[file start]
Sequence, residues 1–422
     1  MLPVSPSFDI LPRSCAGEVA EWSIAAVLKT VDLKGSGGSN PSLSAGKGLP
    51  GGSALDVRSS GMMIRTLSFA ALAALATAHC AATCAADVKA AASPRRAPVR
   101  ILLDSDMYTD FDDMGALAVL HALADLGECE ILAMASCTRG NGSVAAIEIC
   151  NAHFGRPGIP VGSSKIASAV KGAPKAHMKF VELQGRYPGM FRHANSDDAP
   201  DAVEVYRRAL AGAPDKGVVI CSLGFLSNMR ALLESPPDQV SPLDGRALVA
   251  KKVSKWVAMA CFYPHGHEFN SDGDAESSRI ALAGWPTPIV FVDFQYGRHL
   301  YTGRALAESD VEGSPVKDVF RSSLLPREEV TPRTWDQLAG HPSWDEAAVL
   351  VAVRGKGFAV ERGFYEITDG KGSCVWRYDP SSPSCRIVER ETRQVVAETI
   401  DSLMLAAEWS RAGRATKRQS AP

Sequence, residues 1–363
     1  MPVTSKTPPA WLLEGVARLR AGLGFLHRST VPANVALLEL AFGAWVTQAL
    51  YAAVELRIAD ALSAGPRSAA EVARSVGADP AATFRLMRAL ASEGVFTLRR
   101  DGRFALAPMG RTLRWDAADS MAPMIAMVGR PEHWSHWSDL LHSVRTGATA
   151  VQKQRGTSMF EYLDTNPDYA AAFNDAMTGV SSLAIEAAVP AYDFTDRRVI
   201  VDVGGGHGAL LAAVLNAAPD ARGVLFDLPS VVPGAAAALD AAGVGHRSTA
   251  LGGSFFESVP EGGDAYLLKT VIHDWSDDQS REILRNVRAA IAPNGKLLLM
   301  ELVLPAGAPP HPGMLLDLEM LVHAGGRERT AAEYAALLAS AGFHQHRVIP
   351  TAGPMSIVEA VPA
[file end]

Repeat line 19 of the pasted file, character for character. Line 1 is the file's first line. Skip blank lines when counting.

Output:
   351  TAGPMSIVEA VPA